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HORST EINSIEDEL

Horst Einsiedel
Horst Einsiedel, born on February 8, 1940 in Berlin-Pankow, acquired a high school degree after he completed his metalwork apprenticeship at the “worker and farmer faculty.” He studied mechanical engineering at the Technical University in Dresden and, after receiving his engineering degree, he moved with his wife and daughter to Berlin-Weissensee in 1967.[1] He worked for various East Berlin companies. His last place of work was at the state-owned productivity improvement firm in Heinersdorf.[2]

The special conditions under which East German engineers worked could be frustrating to someone with ambitions. Horst Einsiedel refused to become a member of the Communist Party and this meant he had no chance of being promoted. The “party membership” requirement often meant that his supervisors -- all members of the party -- were unable to hold a candle to his professional competence. He spoke about this with his wife and about the possibility of fleeing to West Berlin where his sister had moved in 1951 and his mother in 1969. But his wife felt it was too risky to flee with their daughter, who had been born in 1966. Later his wife understood his decision to flee alone as a way to avoid causing his family any unnecessary danger. She testified to the police as a witness in 1992 that he was probably planning to bring them over to the West at a later time.[3]

Horst Einsiedel said goodbye to his wife in the early morning of March 15, 1973, claiming that he was going to find an emergency dentist to treat his severe toothache. He drove with his Trabant to the Pankow Cemetery where he often went to visit his father’s grave. The last fence of the cemetery was only 30 meters away from the first house on West Berlin territory. The house towered above the Wall and the border grounds here were clearly visible through the interior security fence. Horst Einsiedel had planned his escape well in advance and knew exactly what he was doing in the dark of this early March morning.[4] Using a hacksaw and a bolt cutter, he divided a chain that secured two ladders to a tool shed. He used the first ladder to climb over the interior fence and the folding ladder to get over the signal fence, but in doing so he triggered an alarm. When he leaned the folding ladder against the concrete wall and climbed to the top he was only meters and seconds away from reaching his goal. But the two guards in the watchtower 200 meters away had already noticed him and opened fire at the fugitive. Horst Einsiedel was hit in the neck and chest and fell from the ladder. He died moments later from his bullet wounds.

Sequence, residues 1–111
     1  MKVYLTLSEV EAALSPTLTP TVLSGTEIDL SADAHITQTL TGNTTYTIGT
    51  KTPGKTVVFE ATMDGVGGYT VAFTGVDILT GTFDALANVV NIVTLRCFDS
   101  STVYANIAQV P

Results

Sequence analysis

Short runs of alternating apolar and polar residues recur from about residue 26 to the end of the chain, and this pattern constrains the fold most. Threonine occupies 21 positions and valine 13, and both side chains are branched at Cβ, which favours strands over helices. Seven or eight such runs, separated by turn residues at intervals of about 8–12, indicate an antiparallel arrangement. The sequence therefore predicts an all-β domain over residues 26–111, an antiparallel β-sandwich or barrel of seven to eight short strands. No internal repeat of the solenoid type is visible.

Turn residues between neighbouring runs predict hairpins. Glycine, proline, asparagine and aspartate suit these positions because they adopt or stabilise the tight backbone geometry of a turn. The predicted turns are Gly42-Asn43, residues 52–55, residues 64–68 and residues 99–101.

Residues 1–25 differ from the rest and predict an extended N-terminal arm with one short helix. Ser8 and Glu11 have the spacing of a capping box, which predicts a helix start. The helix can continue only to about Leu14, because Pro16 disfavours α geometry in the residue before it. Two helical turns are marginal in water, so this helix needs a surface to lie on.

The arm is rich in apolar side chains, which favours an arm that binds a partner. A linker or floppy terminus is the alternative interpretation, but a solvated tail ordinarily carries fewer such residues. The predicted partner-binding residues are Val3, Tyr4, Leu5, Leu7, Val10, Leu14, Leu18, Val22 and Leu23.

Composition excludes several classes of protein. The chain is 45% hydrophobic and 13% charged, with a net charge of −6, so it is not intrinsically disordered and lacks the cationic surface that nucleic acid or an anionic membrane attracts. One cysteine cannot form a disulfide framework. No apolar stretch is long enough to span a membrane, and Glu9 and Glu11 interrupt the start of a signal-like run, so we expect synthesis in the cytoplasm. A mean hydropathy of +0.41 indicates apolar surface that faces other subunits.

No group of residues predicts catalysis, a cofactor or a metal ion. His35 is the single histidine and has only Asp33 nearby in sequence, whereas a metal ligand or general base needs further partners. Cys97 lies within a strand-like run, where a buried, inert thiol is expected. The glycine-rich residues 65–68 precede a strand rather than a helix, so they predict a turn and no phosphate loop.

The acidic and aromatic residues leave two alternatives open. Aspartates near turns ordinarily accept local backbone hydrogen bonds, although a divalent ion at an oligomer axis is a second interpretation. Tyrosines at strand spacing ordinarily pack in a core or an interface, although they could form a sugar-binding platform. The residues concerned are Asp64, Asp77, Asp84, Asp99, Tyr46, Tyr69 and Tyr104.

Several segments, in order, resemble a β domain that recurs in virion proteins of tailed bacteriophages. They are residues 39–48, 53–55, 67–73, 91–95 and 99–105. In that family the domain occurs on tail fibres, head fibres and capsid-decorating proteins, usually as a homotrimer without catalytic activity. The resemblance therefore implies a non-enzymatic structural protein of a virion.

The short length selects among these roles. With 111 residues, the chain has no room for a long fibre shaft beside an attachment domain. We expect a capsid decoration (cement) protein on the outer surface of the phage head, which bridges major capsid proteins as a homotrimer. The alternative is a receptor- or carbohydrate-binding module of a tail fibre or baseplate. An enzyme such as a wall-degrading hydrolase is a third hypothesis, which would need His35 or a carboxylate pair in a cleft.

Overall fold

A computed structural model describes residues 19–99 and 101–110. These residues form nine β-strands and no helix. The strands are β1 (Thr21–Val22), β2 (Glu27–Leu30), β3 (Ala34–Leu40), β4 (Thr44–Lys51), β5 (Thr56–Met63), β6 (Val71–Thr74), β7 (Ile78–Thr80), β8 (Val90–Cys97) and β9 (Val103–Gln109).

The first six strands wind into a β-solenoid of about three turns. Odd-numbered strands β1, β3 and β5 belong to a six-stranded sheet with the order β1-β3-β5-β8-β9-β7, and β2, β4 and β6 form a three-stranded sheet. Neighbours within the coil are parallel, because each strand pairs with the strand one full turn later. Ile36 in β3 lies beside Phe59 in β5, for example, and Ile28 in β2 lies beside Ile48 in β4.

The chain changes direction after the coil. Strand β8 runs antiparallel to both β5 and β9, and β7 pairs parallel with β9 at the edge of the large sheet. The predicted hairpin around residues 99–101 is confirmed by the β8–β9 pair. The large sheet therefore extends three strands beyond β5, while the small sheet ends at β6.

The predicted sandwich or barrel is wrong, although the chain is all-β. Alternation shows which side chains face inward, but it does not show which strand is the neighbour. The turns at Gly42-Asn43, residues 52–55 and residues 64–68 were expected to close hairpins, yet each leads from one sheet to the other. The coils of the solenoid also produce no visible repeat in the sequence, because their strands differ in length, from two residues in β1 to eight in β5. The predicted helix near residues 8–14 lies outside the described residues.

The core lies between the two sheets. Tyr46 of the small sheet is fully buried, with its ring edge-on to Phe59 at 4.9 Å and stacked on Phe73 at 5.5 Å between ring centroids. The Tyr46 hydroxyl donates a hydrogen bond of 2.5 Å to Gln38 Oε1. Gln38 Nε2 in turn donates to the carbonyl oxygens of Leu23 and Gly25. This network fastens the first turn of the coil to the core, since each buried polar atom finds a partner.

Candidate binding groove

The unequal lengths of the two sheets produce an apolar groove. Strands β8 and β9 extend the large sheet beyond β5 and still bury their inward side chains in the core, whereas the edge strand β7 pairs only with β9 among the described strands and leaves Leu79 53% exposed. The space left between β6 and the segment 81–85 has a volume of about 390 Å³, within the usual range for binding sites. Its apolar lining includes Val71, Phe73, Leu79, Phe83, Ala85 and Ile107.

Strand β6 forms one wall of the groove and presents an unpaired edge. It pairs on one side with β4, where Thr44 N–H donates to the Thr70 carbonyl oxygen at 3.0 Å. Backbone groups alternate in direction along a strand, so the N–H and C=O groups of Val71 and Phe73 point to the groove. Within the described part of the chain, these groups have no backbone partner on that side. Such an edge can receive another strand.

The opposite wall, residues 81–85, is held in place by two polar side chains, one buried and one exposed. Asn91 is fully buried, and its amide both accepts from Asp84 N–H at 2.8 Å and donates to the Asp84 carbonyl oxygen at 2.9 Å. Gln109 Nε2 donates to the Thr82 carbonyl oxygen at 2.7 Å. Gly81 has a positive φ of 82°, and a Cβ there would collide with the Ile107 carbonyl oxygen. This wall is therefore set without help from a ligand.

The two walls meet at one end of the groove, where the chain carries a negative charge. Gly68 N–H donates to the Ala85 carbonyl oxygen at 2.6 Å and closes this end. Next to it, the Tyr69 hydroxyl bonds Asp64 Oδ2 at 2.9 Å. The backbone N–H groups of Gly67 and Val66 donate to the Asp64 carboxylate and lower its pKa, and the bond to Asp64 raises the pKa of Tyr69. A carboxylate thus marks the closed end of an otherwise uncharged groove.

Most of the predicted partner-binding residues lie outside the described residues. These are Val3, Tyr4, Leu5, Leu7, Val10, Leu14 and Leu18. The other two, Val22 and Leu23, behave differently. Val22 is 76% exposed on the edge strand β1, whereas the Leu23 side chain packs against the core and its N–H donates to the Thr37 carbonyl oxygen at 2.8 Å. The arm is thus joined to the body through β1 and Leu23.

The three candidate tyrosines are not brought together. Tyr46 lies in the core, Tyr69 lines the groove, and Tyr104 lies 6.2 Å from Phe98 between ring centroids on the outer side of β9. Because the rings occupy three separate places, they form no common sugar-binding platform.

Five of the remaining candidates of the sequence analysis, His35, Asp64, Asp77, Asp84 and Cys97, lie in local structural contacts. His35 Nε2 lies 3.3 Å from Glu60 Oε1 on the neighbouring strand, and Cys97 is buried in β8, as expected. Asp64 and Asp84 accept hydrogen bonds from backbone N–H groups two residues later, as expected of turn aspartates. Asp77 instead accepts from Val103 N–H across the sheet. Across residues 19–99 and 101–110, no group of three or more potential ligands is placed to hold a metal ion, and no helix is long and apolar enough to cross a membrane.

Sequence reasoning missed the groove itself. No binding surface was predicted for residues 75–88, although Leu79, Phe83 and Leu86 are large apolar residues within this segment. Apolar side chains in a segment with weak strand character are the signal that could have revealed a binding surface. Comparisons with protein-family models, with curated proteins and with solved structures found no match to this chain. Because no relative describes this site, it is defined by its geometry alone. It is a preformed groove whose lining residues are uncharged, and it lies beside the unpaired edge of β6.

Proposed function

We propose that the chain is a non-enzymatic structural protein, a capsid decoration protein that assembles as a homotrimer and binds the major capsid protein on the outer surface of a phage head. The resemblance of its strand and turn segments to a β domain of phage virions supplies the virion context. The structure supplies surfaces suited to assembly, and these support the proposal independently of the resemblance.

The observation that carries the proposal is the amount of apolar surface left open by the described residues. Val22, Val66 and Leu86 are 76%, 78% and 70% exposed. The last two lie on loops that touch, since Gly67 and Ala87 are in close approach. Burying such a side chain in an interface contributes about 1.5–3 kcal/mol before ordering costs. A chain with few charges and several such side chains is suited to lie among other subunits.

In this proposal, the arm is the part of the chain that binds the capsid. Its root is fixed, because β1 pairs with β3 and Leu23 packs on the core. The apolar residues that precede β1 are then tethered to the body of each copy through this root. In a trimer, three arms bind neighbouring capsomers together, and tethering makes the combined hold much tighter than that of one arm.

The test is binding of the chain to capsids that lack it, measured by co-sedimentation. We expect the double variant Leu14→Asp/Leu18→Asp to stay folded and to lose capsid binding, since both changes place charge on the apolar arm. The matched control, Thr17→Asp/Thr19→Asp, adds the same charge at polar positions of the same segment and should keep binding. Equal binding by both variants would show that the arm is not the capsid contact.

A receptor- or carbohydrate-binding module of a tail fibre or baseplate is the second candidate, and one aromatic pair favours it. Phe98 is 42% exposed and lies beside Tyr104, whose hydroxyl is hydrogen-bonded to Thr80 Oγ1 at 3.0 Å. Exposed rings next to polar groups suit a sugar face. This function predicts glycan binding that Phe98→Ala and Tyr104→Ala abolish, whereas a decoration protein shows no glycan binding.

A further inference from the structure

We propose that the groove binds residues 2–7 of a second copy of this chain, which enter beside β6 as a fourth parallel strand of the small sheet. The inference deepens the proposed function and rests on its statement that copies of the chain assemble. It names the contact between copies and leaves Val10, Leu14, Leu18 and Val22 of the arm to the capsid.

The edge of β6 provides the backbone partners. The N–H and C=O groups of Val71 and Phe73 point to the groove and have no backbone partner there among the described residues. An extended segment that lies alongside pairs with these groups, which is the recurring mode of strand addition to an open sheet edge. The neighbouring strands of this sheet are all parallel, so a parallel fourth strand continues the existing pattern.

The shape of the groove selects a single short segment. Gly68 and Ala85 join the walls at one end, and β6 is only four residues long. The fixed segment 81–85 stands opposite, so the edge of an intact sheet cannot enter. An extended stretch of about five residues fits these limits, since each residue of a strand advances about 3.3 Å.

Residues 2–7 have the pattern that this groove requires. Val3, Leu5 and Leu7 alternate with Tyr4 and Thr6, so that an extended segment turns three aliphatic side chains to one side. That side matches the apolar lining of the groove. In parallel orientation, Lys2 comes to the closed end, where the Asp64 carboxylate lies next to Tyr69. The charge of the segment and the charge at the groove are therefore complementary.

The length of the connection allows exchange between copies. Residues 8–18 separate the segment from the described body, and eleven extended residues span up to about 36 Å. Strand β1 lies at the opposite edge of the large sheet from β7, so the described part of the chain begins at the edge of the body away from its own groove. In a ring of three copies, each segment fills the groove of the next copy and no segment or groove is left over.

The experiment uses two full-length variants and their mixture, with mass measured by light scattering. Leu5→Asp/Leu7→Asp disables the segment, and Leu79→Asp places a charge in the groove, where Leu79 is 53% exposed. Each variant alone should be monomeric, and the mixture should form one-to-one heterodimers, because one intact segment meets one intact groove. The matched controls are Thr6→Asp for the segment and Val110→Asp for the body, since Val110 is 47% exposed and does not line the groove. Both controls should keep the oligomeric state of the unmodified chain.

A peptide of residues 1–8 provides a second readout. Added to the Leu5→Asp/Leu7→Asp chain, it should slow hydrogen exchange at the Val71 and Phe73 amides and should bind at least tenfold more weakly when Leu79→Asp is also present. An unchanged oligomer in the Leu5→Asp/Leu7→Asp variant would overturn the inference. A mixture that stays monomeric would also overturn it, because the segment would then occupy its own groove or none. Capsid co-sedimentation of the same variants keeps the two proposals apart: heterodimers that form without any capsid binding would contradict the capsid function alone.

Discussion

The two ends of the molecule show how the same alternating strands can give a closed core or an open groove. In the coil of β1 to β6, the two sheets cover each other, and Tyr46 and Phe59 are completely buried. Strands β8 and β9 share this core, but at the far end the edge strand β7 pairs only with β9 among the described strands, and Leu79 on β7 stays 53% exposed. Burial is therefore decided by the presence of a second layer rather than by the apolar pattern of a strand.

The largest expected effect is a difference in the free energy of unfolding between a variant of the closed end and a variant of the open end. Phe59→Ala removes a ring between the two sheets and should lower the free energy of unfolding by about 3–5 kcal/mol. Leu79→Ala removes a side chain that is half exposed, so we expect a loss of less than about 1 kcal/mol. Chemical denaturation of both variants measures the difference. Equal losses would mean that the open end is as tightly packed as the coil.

That very day, as the West German federal government and the West Berlin Senate were protesting the shots fired at the Berlin sector border,[5] the border guards involved in the incident were being awarded the “Medal for Exemplary Service at the Border” and granted financial bonuses.[6] In early 1999 the Berlin district court found them guilty of manslaughter in the case of Horst Einsiedel and sentenced them to a year and three months probation.[7] Their commander was also tried as an accessory because, at the beginning of their shift, he had instructed them to prevent “border violations” under all circumstances, if necessary using their firearms, and to “arrest or exterminate the border violators.” But the Berlin district court dismissed the case in 2002 due to the defendant’s permanent inability to stand trial.[8]

Horst Einsiedel’s wife started getting nervous when her husband had not returned home by 8 a.m. She called the emergency dental service and learned that he had never been there. The next day she noticed that a number of her husband’s personal documents were missing. At that moment she suddenly realized what had happened.[9]

Meanwhile the East German secret police had gathered “ideas for a legend concerning the death of the border agitator of 15.3.1973” that would prevent the “western publication organs from inciting further hate campaigns.”[10] The Stasi staff practiced their creative writing skills in a number of “top secret” variations that were then presented to the Stasi chief, Minister Mielke. They invented stories to explain the mysterious disappearance of the engineer Horst Einsiedel.[11] A number of individuals knew what had really happened – 42 people in all – including the border guards, doctors, secretaries, forensic medical experts and policemen. They were listed and categorized according to their degree of reliability. The Stasi ordered all of them to keep quiet about the incident, with success.[12]

Einsiedel’s wife, not yet aware that she was a widow, was repeatedly questioned by the Stasi at the Berlin Alexanderplatz police headquarters about the whereabouts of her husband. They even asked her to provide photos of her husband to facilitate the search for him. The Stasi cynically referred to this as a “masked measure” of the East German police.[13] Finally, they came to the conclusion that she did not indeed know of her husband’s plan to escape. At the end of March 1973 she was informed by the East German secret police that her husband’s car was found unlocked in a forest and that he probably had been the victim of a violent crime. From a fake “file of evidence,” they showed her a photo of the undamaged car surrounded by small pine trees. The car that was returned to her bore no signs of a violent crime.[14]